Epistemological Shudders as Productive Aporia: A Heuristic for Transformative Teacher Learning

  • Jennifer Charteris School of Education University of New England Armidale, Australia

Abstract

Epistemological shudders offer teachers and researchers a valuable heuristic to gain new perspectives on classroom dynamics. As a means for reflexivity, they involve turning one’s reflexive gaze on discourse. Although this shudder metaphor has been used to produce puzzles and paradoxes to explore regimes of truth in early childhood contexts, it remains under theorised. The study’s conceptual framework utilises Judith Butler’s notion of performativity which precludes a prediscursive autonomous subject. Butler’s view suggests that identity is a continuous process of reiterating and resignifying one’s position within and across discourses. Through this performance repetition, an illusion of a stable fixed identity is created. In keeping with a view of poststructural research which troubles or disrupts the “taken for granted” in the interests of social justice, the approach to discourse analysis taken in this study supports a deconstruction of unproblematised classroom discourse. During a research interview, the use of a discourse analysis tool prompted epistemological shudders that enabled a teacher to review her beliefs about how she positioned students in her classroom and the researcher to problematise essentialist notions of agency. The study illustrates how epistemological shudders can prompt teachers and researchers to trouble unquestioned assumptions as part of a dynamic learning process.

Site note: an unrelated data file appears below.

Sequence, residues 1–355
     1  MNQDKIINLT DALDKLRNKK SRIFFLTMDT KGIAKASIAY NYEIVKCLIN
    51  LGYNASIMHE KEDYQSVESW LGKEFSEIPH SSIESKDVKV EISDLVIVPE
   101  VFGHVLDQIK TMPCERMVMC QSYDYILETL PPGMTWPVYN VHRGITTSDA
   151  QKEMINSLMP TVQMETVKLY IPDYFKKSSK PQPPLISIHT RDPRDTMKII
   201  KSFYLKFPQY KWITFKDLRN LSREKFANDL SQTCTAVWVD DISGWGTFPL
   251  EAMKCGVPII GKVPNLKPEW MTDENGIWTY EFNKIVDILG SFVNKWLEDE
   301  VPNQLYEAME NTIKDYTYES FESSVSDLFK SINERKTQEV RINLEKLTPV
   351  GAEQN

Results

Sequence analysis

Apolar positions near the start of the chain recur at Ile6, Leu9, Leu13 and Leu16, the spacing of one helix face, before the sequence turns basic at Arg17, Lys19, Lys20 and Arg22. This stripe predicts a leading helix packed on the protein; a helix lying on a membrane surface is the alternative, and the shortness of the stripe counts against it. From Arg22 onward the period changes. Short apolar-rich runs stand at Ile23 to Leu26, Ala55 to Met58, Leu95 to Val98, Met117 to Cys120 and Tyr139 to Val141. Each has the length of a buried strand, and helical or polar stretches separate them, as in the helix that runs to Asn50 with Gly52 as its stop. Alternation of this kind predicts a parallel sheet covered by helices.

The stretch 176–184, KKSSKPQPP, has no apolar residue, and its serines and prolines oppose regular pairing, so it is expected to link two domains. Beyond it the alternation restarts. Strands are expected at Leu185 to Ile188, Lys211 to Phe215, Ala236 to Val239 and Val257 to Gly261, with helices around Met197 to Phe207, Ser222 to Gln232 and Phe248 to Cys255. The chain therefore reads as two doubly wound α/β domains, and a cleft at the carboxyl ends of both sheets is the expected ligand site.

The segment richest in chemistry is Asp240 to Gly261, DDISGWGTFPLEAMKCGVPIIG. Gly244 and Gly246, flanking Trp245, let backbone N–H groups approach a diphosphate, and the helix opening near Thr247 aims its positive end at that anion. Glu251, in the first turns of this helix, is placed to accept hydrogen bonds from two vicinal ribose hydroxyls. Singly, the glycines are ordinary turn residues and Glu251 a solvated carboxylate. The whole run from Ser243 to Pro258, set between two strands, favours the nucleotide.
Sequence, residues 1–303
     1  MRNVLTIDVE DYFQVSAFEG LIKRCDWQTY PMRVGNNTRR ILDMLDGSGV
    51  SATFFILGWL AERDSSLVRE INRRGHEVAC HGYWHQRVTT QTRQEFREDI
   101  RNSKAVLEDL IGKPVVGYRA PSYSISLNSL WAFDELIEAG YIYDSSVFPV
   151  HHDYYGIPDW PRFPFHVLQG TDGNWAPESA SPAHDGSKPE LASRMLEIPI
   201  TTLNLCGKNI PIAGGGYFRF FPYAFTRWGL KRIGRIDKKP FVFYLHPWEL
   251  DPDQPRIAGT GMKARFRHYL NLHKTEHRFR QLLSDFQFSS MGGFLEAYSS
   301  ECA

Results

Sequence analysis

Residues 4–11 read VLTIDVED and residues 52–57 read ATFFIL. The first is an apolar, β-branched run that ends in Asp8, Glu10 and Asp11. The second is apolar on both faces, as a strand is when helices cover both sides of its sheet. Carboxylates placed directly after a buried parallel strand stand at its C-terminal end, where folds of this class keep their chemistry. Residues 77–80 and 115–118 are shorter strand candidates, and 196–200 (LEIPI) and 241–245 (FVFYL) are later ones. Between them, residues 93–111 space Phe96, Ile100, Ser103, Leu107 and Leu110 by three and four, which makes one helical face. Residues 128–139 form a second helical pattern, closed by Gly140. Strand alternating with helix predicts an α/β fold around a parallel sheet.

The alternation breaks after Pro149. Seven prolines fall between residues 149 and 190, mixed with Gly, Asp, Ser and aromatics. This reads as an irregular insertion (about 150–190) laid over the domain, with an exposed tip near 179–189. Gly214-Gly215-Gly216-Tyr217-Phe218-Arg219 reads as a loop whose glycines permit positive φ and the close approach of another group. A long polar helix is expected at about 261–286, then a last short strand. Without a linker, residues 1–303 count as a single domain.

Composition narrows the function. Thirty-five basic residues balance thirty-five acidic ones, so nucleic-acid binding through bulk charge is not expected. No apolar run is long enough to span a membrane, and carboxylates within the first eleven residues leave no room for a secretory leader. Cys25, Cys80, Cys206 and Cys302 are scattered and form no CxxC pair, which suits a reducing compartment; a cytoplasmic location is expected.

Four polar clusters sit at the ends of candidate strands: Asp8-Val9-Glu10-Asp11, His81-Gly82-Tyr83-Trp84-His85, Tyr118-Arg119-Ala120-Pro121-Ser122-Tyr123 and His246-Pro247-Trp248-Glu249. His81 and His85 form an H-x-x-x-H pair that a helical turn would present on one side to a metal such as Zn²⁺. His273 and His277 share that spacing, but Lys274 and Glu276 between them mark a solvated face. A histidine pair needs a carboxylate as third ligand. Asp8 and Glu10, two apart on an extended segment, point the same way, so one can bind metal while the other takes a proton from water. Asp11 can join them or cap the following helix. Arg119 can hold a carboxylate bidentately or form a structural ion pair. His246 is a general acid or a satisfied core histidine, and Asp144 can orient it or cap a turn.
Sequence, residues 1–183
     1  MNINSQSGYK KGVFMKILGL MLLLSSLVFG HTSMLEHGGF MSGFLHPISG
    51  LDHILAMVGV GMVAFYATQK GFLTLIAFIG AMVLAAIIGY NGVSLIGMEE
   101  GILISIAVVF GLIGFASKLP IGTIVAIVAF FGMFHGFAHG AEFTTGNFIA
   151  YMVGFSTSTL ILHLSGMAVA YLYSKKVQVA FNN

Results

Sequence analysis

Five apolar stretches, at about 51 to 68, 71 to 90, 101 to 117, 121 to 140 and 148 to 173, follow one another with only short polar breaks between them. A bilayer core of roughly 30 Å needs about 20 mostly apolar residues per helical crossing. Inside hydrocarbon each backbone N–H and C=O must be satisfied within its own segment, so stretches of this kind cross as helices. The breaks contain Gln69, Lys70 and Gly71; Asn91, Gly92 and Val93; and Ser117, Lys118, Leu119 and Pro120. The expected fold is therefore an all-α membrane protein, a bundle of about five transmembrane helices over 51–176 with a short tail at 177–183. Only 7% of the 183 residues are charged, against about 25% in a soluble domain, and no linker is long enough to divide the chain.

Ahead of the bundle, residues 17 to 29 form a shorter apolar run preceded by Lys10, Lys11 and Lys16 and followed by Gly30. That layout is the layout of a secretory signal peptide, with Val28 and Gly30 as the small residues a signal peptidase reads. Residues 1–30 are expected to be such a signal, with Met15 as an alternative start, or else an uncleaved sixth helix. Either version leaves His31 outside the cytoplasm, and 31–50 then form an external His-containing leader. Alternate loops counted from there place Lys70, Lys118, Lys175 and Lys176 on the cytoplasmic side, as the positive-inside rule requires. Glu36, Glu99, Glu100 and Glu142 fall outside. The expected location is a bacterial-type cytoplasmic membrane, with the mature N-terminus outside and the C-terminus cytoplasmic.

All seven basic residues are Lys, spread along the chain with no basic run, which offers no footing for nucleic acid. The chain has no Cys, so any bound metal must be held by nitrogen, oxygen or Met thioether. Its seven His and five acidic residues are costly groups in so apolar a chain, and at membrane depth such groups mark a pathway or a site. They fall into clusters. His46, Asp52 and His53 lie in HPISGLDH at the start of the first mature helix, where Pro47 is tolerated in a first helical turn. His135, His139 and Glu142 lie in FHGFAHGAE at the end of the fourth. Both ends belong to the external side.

Author Biography

Jennifer Charteris, School of Education University of New England Armidale, Australia
Jennifer Charteris is an experienced teacher educator with twenty one years of teaching experience in New Zealand, Australia, and the UK, working with students, teachers, principals, school communities, and advisors. As an in-service teacher educator, she has promoted collaborative peer coaching with teachers through which they gather and reflect on student voice data to better meet the needs of their learners. She has presented at numerous international conferences and has a record of published articles. Her research interests comprise learner agency, assessment for learning, leadership and management, and teacher professional learning. She is currently in the final stages of completing her doctoral thesis.
Published
2014-03-28
Section
Articles